Common signs and sympotms of axial spondylometaphyseal dysplasia, include
People with axial spondylometaphyseal dysplasia may have a normal birth length, but demonstrate growth failure by late infancy to early childhood. A measurement called standard deviation (SD) is used to compare the height of different children. If a child's height is more than 2 SD's below the average height of other children the same age, the child is said to have short stature. This means that almost all of the other children that age (more than 95% or 19 out of 20) are taller. Individual case reports of children and an adult with axial spondlometaphyseal dysplasia demonstrate height as being between 2 to 6 SD’s below average.
Infants with axial spondlometaphyseal dysplasia tend to have a shortened chest with short ribs, a condition called thoracic hypoplasia. Thoracic hypoplasia tends to become more prominent in childhood, and less noticeable in adolescence and adulthood. Thoracic hypoplasia may cause mild to moderate breathing problems in infants and recurring lung infections in childhood.
Young children with axial spondlometaphyseal dysplasia have shortened upper arms and upper leg bones, which may become less prominent as they grow.
Spine changes include vertebrae that have a flattened appearance on
Pelvic bone changes can be seen in infants and children. Some of these changes self-correct by adulthood. A condition called “coxa vara” (where the angle between the top of the femur and the femoral shaft is smaller than normal) is common beginning in late childhood and persists through adulthood. Coxa vara may affect gait (pattern or way of walking). Some people with axial spondlometaphyseal dysplasia have minor bone changes in their knees.
Vision problems, including retinitis pigmentosa and/or optic atrophy, become evident in infancy or early childhood and rapidly worsen. Retinitis pigmentosa causes
This table lists symptoms that people with this disease may have. For most diseases, symptoms will vary from person to person. People with the same disease may not have all the symptoms listed. This information comes from a database called the Human Phenotype Ontology (HPO) . The HPO collects information on symptoms that have been described in medical resources. The HPO is updated regularly. Use the HPO ID to access more in-depth information about a symptom.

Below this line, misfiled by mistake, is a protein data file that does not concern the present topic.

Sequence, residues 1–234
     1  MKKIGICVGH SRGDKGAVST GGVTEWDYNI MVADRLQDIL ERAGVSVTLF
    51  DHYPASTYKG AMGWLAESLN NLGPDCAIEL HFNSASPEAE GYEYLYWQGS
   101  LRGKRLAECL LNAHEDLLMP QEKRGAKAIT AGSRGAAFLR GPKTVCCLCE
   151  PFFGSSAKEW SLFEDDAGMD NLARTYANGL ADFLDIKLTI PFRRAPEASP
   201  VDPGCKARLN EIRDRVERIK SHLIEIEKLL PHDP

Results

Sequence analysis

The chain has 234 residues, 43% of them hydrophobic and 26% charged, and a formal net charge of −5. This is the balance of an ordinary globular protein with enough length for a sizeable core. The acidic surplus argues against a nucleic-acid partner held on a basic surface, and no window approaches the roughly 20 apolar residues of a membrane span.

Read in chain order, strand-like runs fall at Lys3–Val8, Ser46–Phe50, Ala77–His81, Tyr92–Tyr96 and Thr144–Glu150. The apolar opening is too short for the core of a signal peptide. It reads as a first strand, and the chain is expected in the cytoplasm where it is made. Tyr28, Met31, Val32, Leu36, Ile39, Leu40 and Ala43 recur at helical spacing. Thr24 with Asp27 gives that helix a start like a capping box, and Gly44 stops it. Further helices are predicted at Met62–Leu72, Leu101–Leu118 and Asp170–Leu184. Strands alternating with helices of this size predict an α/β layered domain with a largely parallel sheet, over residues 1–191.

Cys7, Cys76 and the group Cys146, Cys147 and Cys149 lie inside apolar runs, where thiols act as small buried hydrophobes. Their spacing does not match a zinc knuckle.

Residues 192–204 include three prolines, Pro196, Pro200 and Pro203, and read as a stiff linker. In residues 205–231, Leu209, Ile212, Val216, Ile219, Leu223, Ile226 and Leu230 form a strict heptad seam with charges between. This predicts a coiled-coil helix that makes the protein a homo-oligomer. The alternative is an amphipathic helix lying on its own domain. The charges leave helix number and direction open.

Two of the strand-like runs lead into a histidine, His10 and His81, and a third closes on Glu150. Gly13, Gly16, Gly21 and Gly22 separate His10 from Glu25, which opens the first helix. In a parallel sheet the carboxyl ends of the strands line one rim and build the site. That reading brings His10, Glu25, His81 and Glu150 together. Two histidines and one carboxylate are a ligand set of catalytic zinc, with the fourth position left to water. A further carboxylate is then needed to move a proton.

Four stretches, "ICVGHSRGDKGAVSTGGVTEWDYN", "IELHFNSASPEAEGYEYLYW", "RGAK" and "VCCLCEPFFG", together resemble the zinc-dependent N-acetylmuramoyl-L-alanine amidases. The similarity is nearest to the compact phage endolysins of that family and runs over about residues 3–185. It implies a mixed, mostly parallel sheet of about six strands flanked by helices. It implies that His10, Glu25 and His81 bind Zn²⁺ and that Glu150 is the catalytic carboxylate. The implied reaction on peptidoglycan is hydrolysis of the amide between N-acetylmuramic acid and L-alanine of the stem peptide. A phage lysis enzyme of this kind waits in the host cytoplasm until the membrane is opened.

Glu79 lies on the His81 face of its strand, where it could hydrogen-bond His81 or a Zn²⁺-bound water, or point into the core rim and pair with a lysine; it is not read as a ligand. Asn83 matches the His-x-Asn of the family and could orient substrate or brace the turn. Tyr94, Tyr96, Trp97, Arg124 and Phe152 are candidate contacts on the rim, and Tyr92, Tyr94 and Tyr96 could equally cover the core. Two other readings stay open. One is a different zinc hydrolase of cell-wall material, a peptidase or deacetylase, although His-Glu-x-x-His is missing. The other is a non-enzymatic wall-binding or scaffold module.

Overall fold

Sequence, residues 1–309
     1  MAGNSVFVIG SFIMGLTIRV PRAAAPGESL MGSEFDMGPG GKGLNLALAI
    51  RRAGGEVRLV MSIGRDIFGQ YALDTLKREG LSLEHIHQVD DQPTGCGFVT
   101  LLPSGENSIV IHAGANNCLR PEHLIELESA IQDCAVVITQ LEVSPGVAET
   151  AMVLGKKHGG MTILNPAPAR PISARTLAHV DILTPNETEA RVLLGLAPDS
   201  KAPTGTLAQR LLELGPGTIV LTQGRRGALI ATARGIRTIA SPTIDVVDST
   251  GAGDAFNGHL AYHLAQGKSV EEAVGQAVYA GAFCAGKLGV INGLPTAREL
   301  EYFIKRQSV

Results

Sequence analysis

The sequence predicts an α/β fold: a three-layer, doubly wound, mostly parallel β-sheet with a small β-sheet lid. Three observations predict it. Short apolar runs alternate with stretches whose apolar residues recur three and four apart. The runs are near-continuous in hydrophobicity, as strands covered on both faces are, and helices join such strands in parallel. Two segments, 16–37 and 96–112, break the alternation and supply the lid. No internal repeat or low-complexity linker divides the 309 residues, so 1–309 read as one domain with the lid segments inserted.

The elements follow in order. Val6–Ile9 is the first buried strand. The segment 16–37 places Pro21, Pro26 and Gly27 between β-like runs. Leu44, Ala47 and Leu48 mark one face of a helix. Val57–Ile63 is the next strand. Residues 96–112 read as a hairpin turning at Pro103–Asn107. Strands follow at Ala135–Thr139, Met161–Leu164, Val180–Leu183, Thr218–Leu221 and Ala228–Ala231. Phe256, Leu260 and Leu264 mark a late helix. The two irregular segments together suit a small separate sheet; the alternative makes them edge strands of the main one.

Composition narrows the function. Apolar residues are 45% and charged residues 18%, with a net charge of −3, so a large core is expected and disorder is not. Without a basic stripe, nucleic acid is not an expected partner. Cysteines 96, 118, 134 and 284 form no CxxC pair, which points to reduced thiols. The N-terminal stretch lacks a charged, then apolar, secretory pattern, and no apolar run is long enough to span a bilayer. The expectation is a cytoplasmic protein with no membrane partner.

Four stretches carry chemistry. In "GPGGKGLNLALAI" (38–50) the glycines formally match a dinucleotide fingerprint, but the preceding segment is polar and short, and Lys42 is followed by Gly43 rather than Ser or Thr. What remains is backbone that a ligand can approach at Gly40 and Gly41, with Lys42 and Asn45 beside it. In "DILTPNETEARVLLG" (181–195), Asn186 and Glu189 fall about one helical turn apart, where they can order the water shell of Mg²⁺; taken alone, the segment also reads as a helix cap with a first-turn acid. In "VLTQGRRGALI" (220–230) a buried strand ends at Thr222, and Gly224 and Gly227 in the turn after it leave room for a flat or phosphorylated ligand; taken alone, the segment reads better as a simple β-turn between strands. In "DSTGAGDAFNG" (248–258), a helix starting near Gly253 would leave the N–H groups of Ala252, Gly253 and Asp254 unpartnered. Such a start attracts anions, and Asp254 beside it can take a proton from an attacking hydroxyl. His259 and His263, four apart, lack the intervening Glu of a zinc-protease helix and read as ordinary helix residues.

|Medical Terms||Other Names||
|80%-99% of people have these symptoms|
|Delayed skeletal maturation||
Delayed bone maturation
Delayed skeletal development[ more ]
Loss of eyesight
Poor vision[ more ]
|30%-79% of people have these symptoms|
|Irregular iliac crest||0003796|
|Proximal femoral metaphyseal irregularity||0003411|
Small thorax[ more ]
|5%-29% of people have these symptoms|
Nasal tip, upturned
Upturned nasal tip
Upturned nostrils[ more ]
|Downslanted palpebral fissures||
Downward slanting of the opening between the eyelids
Widely spaced eyes[ more ]
Extreme sensitivity of the eyes to light
Light hypersensitivity[ more ]
Eyeballs bulging out
Protruding eyes[ more ]
Decreased length of nose
Shortened nose[ more ]
Corners of eye widely separated
|Percent of people who have these symptoms is not available through HPO|
|Anterior rib cupping||0000907|
|Narrow greater sacrosciatic notches||0003375|
|Short femoral neck||
Short neck of thighbone
Decreased body height
Small stature[ more ]
If you need medical advice, you can look for doctors or other healthcare professionals who have experience with this disease. You may find these specialists through advocacy organizations, clinical trials, or articles published in medical journals. You may also want to contact a university or tertiary medical center in your area, because these centers tend to see more complex cases and have the latest technology and treatments.
If you can’t find a specialist in your local area, try contacting national or international specialists. They may be able to refer you to someone they know through conferences or research efforts. Some specialists may be willing to consult with you or your local doctors over the phone or by email if you can't travel to them for care.
You can find more tips in our guide, How to Find a Disease Specialist. We also encourage you to explore the rest of this page to find resources that can help you find specialists.
Research helps us better understand diseases and can lead to advances in diagnosis and treatment. This section provides resources to help you learn about medical research and ways to get involved.
Support and advocacy groups can help you connect with other patients and families, and they can provide valuable services. Many develop patient-centered information and are the driving force behind research for better treatments and possible cures. They can direct you to research, resources, and services. Many organizations also have experts who serve as medical advisors or provide lists of doctors/clinics. Visit the group’s website or contact them to learn about the services they offer. Inclusion on this list is not an endorsement by GARD.
These resources provide more information about this condition or associated symptoms. The in-depth resources contain medical and scientific language that may be hard to understand. You may want to review these resources with a medical professional.
Questions sent to GARD may be posted here if the information could be helpful to others. We remove all identifying information when posting a question to protect your privacy. If you do not want your question posted, please let us know. Submit a new question
In laymans terms, What is it? How does a child get it? What are the genetic factors involved? What can we expect from future generations? Is growth hormone therapy, surgery, or visual corrections available? How does this condition affect a person over the course of their life? What can be done to treat it? See answer